Amity responds on birth rape

// 14 May 2008

Amity Reed has written a response to comments on her birth rape feature for The F-Word, made by an NHS doctor blogging under the name ‘Dr Crippen’. You may want to read this post for background

Having just emerged from yet another luxury shopping trip between school runs and coffee shop natters with my other part-time feminist friends (Ha! I am a full-time feminist and an at-home mother struggling to put food on the table many weeks, thank you), I was not at all surprised to read this scathing dismissal of medical and birth rape victims. The author’s characterisation of these women as fantasists, delusional and hysterical females with ridiculous expectations of bodily autonomy, was resignedly expected. Dr. Crippen exhibits the very lack of empathy that Debs and I dissected by dismissing these stories outright. In a move straight from the misogynist medical handbook – make them feel stupid and reinforce knowledge over personal experience – he follows the checklist to a T:

Refusal to acknowledge the patient’s experience? Check. Outright discounting of her interpretation of events? Check. Use of words such as ‘sophisticated’ and ‘high level of skill’ to reinforce authority? Claims of patient ignorance and ‘exaggeration of facts’ when he was not even present for the event? Yep, it’s all there, in all its ugly and hateful glory. This is exactly the kind of arrogant attitude that creates a chasm between those with a skilful and sympathetic bedside manner and those whose emotional detachment can lead to patient violation. Taking the human aspect out of patient care isn’t the practice of medicine; it is the following of protocol and technical training. Is this what was intended when the Hippocratic Oath, undertaken by all doctors, was written to say:

In every house where I come I will enter only for the good of my patients, keeping myself far from all intentional ill-doing…If I keep this oath faithfully, may I enjoy my life and practice my art, respected by all men and in all times; but if I swerve from it or violate it, may the reverse be my lot.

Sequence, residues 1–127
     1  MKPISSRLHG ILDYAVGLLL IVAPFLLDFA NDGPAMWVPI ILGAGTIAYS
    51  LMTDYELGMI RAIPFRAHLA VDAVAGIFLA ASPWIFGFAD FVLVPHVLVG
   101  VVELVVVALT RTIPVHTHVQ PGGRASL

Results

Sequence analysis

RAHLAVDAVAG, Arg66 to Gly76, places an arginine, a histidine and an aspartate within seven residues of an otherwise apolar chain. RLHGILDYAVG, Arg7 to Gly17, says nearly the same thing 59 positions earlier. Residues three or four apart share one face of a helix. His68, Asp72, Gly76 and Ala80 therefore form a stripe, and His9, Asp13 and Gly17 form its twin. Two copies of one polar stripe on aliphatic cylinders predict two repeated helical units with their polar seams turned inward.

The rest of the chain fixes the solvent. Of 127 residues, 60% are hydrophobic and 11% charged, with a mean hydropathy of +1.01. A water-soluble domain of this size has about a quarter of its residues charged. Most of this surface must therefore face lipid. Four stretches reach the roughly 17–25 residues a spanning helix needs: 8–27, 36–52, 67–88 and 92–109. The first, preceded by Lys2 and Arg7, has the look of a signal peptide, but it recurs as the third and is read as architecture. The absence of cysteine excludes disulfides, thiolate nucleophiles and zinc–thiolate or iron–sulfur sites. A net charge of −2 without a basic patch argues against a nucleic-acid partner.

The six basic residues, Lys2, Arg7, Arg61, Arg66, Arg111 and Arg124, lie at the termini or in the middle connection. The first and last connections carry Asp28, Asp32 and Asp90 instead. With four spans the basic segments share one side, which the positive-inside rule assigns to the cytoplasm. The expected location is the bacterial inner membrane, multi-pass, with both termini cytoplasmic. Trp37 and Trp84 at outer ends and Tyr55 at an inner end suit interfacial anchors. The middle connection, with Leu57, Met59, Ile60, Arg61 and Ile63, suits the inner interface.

Respect is a two-way street. When medical professionals start disrespecting their patients’ wishes, how can they be surprised to discover that, in the process, they have lost the trust of those they are meant to help and heal? Doctors of the world, wake up and smell the revolution: being an MD (or a midwife or a surgeon or a nurse) doesn’t mean you get to play God, nor does it entitle you to make decisions on behalf of your patients in the guise of protecting them from themselves. As much esteem and power as you think your title automatically gives you, I and many others still think that you have to earn it. And that means listening, respecting, advising and learning to back off, even if it goes against your instincts and training. We still have the right to say no, even if your answer would be yes.

To specifically address Dr. Crippen’s comments about my article on birth rape, I would suggest he read more carefully my words. I never intimated nor stated that all obstetric intervention or even that all traumatic births are rape. I am fully aware that sometimes intervention is warranted and wanted. I am grateful for those interventions. I am aware that plenty of women experience traumatic births where no assault is involved. An unnecessary or botched c-section, pressure to have or not have pain relief, an early induction…the ethics of these things is questionable, indeed, and anger many people. If a woman reluctantly consents to these procedures under duress and later feels duped, tricked or unfairly intimidated into compliance, she will undoubtedly term her experience as traumatic, rightly so. Maternity care in the UK, and elsewhere in the so-called developed world, is in crisis and the conveyor belt of convenience that women are being hauled down in the ill-fated quest for perfect, controlled outcomes is damaging not only to women’s bodies but their psyches and well-being, not to mention what it’s doing to mortality rates for babies. However, this is not the rape of which I speak.